"Buprenorphine is a long-acting partial opioid agonist91,92 that is classified as a Schedule III narcotic, in contrast to methadone and levomethadyl, which are Schedule II. Its potential advantages include a higher degree of safety than with methadone, coupled with an ameliorated withdrawal syndrome. This is due to its partial agonist property at the ?-receptor along with its being a weak antagonist at the k-receptor.93-95 It is available in a tablet form for sublingual administration and in parenteral form. Buprenorphine is metabolized through the cytochrome P450 pathway.96-97 The brand name for the buprenorphine monotablet is Subutex, and the combination buprenorphine hydrochloride–naloxone hydrochloride tablet is Suboxone (both Reckitt Benckiser Pharmaceuticals, Richmond, Va). Both formulations come in strengths of 2 and 8 mg. The combination product contains 0.5mg of the opioid antagonist naloxone hydrochloride and is designed to decrease the potential for abuse."
Mori J. Krantz, MD; Philip S. Mehler, MD, "Treating Opioid Dependence: Growing Implications for Primary Care," Archives of Internal Medicine, (Chicago, IL: American Medical Association, February 2004), Vol. 164, p. 281.
57. Buprenorphine for Maintenance or Detox
"Buprenorphine can be used for either longterm maintenance or for medically supervised withdrawal (detoxification) from opioids. The preponderance of research evidence and clinical experience, however, indicates that opioid maintenance treatments have a much higher likelihood of long-term success than do any forms of withdrawal treatment. In any event, the immediate goals in starting buprenorphine should be stabilization of the patient and abstinence from illicit opioids, rather than any arbitrary or predetermined schedule of withdrawal from the prescribed medication."
Center for Substance Abuse Treatment, Clinical Guidelines for the Use of Buprenorphine in the Treatment of Opioid Addiction, Treatment Improvement Protocol (TIP) Series 40, DHHS Publication No. (SMA) 04-3939 (Rockville, MD: Substance Abuse and Mental Health Services Administration, 2004), p. 20.
58. Effectiveness of Buprenorphine Treatment
"A number of clinical trials have established the effectiveness of buprenorphine for the maintenance treatment of opioid addiction. These have included studies that compared buprenorphine to placebo (Johnson et al. 1995; Ling et al. 1998; Fudala et al. 2003), as well as comparisons to methadone (e.g., Johnson et al. 1992; Ling et al. 1996; Pani et al. 2000; Petitjean et al. 2001; Schottenfeld et al. 1997; Strain et al. 1994a, 1994b) and to methadone and levo-alpha-acetyl-methadol (LAAM) (Johnson et al. 2000). Results from these studies suggest that buprenorphine in a dose range of 816 mg a day sublingually is as clinically effective as approximately 60 mg a day of oral methadone, although it is unlikely to be as effective as full therapeutic doses of methadone (e.g., 120 mg per day) in patients requiring higher levels of full agonist activity for effective treatment.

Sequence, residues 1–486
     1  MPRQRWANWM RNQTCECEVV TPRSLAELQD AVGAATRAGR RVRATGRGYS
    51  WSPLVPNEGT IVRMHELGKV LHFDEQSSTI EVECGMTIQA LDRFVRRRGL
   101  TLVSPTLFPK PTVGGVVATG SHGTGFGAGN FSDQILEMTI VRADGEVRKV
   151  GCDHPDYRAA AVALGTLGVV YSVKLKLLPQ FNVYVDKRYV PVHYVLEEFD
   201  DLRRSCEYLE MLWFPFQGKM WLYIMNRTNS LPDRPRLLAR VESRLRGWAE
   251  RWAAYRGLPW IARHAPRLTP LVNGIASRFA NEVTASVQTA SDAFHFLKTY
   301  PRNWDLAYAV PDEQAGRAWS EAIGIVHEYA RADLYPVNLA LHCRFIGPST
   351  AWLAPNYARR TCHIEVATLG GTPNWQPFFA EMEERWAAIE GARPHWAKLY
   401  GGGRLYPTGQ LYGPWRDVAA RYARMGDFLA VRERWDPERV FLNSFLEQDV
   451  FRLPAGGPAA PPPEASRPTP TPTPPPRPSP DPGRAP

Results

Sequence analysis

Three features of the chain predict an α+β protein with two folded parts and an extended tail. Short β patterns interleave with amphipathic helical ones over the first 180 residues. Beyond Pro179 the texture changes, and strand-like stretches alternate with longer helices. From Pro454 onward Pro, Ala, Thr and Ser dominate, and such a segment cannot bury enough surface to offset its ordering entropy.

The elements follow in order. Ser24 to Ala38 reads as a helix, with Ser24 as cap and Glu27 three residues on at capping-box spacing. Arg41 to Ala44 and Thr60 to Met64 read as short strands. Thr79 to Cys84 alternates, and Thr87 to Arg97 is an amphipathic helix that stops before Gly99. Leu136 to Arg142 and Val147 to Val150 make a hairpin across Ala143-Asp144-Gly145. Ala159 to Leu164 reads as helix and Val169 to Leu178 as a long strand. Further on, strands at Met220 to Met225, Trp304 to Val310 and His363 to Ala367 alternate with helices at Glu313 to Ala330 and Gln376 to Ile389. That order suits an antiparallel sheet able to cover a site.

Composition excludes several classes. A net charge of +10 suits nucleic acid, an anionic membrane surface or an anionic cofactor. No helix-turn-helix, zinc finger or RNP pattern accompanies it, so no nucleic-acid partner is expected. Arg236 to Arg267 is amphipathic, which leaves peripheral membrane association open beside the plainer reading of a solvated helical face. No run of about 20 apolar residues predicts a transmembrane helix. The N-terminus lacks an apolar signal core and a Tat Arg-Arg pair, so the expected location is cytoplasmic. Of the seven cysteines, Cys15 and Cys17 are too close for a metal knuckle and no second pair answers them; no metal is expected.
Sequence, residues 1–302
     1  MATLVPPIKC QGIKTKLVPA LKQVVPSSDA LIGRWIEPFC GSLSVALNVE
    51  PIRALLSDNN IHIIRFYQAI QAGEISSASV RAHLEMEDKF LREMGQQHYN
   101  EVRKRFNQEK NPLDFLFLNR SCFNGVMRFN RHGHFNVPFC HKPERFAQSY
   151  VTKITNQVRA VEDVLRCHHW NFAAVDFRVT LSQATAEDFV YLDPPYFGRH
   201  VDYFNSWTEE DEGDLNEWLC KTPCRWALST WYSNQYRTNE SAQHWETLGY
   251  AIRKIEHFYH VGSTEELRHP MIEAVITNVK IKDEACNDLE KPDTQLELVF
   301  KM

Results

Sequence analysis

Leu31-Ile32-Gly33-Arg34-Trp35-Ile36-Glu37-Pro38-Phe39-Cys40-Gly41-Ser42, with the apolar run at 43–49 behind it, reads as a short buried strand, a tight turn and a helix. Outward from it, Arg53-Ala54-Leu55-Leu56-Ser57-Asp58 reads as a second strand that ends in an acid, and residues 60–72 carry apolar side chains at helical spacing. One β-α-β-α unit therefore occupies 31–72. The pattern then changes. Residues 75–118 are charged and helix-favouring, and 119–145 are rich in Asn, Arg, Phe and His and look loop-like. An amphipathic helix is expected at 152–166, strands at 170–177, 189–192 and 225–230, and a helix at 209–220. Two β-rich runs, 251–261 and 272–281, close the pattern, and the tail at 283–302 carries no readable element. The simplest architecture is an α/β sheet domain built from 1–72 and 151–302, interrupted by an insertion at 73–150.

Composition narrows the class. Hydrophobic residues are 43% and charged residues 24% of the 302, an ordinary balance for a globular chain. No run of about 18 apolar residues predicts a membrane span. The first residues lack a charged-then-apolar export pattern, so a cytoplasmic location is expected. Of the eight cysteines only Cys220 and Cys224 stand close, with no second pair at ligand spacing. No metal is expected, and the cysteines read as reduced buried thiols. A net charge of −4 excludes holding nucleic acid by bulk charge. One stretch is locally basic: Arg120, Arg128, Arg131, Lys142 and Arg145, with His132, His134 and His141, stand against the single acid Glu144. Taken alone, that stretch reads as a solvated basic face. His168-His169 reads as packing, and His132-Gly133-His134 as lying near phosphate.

"A meta-analysis comparing buprenorphine to methadone (Barnett et al. 2001) concluded that buprenorphine was more effective than 2035 mg of methadone but did not have as robust an effect as 5080 mg methadone -- much the same effects as the individual studies have concluded."
Center for Substance Abuse Treatment, Clinical Guidelines for the Use of Buprenorphine in the Treatment of Opioid Addiction, Treatment Improvement Protocol (TIP) Series 40, DHHS Publication No. (SMA) 04-3939 (Rockville, MD: Substance Abuse and Mental Health Services Administration, 2004), pp. 20-21.
59. Effectiveness of Buprenorphine and Buprenorphine/Naloxone
"Buprenorphine and naloxone in combination and buprenorphine alone are safe and reduce the use of opiates and the craving for opiates among opiate-addicted persons who receive these medications in an office-based setting."
Fudala, Paul J., PhD, T. Peter Bridge, MD, Susan Herbert, MA, William O. Williford, PhD, C. Nora Chiang, PhD, Karen Jones, MS, Joseph Collins, ScD, Dennis Raisch, PhD, Paul Casadonte, MD, R. Jeffrey Goldsmith, MD, Walter Ling, MD, Usha Malkerneker, MD, Laura McNicholas, MD, PhD, John Renner, MD, Susan Stine, MD, PhD, & Donald Tusel, MD for the Buprenorphine/Naloxone Collaborative Study Group, "Office-Based Treatment of Opiate Addiction with a Sublingual-Tablet Formulation of Buprenorphine and Naloxone," New England Journal of Medicine, Sept. 4, 2003, Vol. 349, No. 10, p. 949.
60. Effectiveness of Buprenorphine Treatment
The Danish National Board of Health reported in 2000 that "The Buprenorphine project was initiated in the City of Copenhagen during the autumn of 1998 and was evaluated this year. In conclusion the report points out that this type of substitution therapy is suitable for clients who have not previously been subjected to methadone treatment and which are resourceful. Furthermore, the report concluded that buprenorphine treatment may contribute by a significant percentage to the drug addict becoming drug-free and being able to revert to normal life through work, activation and education rather than any other kind of therapy.20"
Report to the European Monitoring Center on Drugs and Drug Addiction by the Reitox National Focal Point of Denmark, Sundhedsstyrelsen (National Board of Health), "Denmark Drug Situation 2000: National Report on the State of the Drugs Problem in Denmark" (Denmark: National Board of Health and EMCDDA, December 2000), p. 73, citing Leif Skauge, "Erfaringer med implementering af buprenorphinbehandling ved Kobenhavns Kommune," handout at the Drugs Council's research conference in March 2000.